Conscious Lifestyle Recommends:
Doctor’s Best SAM-e
Doctor’s best offers a high-potency, double strength 400mg SAM-e supplement. Doctor’s Best uses only the highest quality, pharmaceutical grade Italian SAMe available on the market. This ensures that you receive the most potent SAMe product with the highest percentage of the active form.
Brain Health Supplement Recommended Dosages
10 milligrams twice a day
100 milligrams twice a day for 1 month, decreasing to 100 milligrams daily thereafter
500 to 1,000 milligrams twice a day
80 to 120 milligrams twice a day
1,000 to 3,000 milligrams EPA daily // 700 to 2,000 milligrams DHA daily
900 milligrams two to four times a day
200 to 400 milligrams twice a day
The Importance of Sleep
Shakespeare’s lines illuminated sleep and dreams as among life’s precious pleasures. We all value a good night’s rest, and yet research shows that one person in three is chronically sleep deprived. People often try to solve the problem by consuming a lot of caffeine in the morning, but this habit has cultivated a population of nervous—and still tired—individuals. And though you might be convinced that caffeine actually does improve brain function, good sleep is the real key to a healthy brain and can be just as helpful, if not more, as brain supplements and nutrients.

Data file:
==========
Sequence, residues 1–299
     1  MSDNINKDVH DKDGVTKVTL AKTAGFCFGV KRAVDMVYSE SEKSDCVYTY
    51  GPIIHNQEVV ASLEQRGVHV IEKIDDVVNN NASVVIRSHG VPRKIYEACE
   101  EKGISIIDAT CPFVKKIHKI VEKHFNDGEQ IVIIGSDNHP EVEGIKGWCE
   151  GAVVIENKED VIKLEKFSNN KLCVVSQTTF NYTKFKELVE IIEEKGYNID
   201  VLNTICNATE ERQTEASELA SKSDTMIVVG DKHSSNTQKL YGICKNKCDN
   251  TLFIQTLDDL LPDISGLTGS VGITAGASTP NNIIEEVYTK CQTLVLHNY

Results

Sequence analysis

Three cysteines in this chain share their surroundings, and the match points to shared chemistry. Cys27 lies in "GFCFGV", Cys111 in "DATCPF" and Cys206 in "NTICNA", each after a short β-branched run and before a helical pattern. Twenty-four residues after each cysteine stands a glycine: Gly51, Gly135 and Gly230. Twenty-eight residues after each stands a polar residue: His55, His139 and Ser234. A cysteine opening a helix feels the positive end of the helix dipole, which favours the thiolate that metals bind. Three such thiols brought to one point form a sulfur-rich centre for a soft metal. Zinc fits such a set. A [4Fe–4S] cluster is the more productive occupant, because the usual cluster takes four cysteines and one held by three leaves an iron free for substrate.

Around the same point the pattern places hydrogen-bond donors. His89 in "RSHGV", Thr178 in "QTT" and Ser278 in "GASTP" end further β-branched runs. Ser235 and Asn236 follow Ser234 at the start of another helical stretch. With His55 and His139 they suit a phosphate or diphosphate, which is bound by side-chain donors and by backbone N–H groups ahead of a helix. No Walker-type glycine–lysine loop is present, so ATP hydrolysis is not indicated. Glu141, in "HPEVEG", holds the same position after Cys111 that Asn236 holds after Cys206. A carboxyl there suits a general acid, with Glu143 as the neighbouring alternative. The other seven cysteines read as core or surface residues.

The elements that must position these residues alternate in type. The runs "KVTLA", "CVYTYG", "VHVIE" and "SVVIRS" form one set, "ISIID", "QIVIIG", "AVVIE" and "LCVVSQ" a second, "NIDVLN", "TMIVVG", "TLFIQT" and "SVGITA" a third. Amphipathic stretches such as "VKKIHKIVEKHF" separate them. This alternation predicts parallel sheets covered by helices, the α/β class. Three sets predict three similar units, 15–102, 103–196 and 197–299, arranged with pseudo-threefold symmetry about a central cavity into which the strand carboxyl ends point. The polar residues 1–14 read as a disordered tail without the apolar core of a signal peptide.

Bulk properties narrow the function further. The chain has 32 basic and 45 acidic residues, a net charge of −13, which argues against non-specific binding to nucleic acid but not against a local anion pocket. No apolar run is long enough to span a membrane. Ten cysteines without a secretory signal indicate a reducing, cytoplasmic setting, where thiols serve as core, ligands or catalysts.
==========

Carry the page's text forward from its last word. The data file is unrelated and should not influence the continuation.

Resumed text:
Sleep has also been shown to have many other important functions for health. The brain consumes 20% of the body’s supply of glucose, and sleep improves glucose uptake into the brain. A baby’s brain can use as much as 50% of the total glucose supply, which may help explain why babies need so much sleep. Leptin is a hormone that decreases appetite, and leptin levels rise during sleep. Many people today don’t get enough sleep, which may help explain the dramatic rise in the number of people with weight problems. Sleep improves brain function, memory and the ability to learn and retain new material. Lack of sleep adversely affects mood and decreases energy and overall brain health. We feel that getting adequate sleep is just as important to a healthy brain as diet and exercise in everyone’s wellness program.
The most important phase of sleep, called REM (rapid eye movement), makes up about a quarter of our time spent sleeping. (Don’t worry, if you aren’t getting enough REM sleep there are some brain health supplements that can help with that.) This is the phase during which you do the most dreaming and are most likely to remember your dreams. Your eyes move rapidly as if you were engaged in a drama from your waking life, although the body from the neck down is largely paralyzed.
What the Science Says About Sleep